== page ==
Brain plasticity is a concept that refers to the brain’s ability to re-wire or re-route itself to enhance thinking or recover from damage. In this instance, “plasticity” simply means “flexibility”. Researchers use the concept of brain plasticity to help us understand how children’s thinking and learning expand as well as how the human brain is able to recover following an injury.

The concept of brain plasticity is still evolving and represents one of several theories as to why we think and act the way we do. Keep reading to find out more.

For brain plasticity, the term doesn’t mean our brains are made of plastic (although it may feel that way sometimes). Instead, plasticity means the brain is modifiable — that it can be changed based on our experiences and repaired after injury. Researchers first described the concepts of brain plasticity in 1890, and the definition has expanded with time and research.

To better understand plasticity, it’s good to look at the other theory related to the brain, which is localizationism. This concept states that each part of the brain has a distinct function, and if that area is damaged, a person cannot recover the function.

The theory of brain plasticity, on the other hand, is drawn from instances of the brain being able to adapt different locations to nonstandard functions. Researchers have been able to identify examples of plasticity in both animals and insects. Studying plasticity examples in animals allows researchers to better describe what may be going on in the human brain, too.

Are neuroplasticity and brain plasticity the same thing?

Yes. It’s not uncommon to see brain plasticity referred to interchangeably as neuroplasticity. “Neuro” is a Greek word root meaning “nerve”.

One example of brain plasticity is recovery after a stroke or a traumatic brain injury, such as a blow to the head. These conditions can cause nerve cell death due to a lack of blood flow to the brain. Nerve cell tissue is famous for not being able to regenerate or grow back well.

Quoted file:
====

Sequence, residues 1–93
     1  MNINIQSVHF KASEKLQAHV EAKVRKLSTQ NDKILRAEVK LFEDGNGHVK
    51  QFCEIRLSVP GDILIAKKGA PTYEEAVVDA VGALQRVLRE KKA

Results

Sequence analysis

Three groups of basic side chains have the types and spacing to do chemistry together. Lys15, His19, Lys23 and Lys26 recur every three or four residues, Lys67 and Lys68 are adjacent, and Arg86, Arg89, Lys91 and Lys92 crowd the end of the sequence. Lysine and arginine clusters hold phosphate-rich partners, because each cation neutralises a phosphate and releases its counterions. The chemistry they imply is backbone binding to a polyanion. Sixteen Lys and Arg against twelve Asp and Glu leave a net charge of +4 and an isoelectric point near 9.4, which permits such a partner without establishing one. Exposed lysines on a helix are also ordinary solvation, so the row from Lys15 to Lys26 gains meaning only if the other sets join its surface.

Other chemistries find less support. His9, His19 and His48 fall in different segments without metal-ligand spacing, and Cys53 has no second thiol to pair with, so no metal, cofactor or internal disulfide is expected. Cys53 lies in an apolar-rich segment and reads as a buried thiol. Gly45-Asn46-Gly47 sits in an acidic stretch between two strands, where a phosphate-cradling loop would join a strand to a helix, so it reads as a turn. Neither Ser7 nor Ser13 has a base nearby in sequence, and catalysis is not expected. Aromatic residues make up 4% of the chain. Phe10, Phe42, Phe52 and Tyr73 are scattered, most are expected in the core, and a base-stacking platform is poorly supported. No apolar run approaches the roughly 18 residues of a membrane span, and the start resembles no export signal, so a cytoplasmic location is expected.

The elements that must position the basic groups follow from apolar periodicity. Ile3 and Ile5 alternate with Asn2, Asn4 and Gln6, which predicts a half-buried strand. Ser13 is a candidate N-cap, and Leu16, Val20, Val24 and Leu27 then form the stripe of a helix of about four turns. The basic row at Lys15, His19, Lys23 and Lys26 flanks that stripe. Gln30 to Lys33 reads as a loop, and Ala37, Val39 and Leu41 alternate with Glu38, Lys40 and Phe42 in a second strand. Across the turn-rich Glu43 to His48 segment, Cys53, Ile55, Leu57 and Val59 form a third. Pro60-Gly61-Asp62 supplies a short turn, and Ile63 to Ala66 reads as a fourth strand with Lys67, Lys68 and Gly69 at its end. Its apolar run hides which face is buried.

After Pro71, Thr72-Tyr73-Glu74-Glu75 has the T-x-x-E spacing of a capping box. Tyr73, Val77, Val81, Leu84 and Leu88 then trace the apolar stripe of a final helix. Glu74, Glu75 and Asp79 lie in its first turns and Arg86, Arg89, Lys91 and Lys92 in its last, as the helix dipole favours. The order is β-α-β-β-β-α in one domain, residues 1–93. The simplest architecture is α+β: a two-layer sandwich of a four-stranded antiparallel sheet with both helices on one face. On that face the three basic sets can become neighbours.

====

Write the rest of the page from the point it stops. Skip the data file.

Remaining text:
However, researchers have found that although the brain doesn’t change in structure (new tissue doesn’t grow back), the brain seems to “re-wire” itself to start to transmit messages around the damaged brain portions. The idea the brain can re-wire itself is the basis for some treatments for brain injury, including:

The brain’s ability to recover after an injury is just one example of plasticity. Others include:

  • Taxi drivers have a larger volume (weight) in their hippocampus, a brain structure involved in navigation.
  • Learning to juggle induces changes in the brain’s white and gray matter, especially in the areas related to vision and movement.
  • Professional basketball players experience increases in volume in multiple brain areas compared to those who don’t play professional sports.
  • Professional musicians and mathematicians experience changes in their brains compared to those who aren’t professionals.

These are just some examples of brain plasticity and the effects of learning on the brain. New research is coming in all the time, but two things are becoming clear: your brain is capable of “re-wiring” and growing in the areas you use it most and to recover from damage.

Brain plasticity and bilingualism

Can you imagine being able to tell that a person speaks two languages just by looking at a scan of their brain? That’s what researchers are finding.

One approach to studying the effects of language learning on brain plasticity is having learners undergo a brain scan before and after they take a language course.

Researchers have found learning a new language creates changes in the brain related to language, typically in the left hemisphere. One study found even an hour of vocabulary training started to create changes in the brain.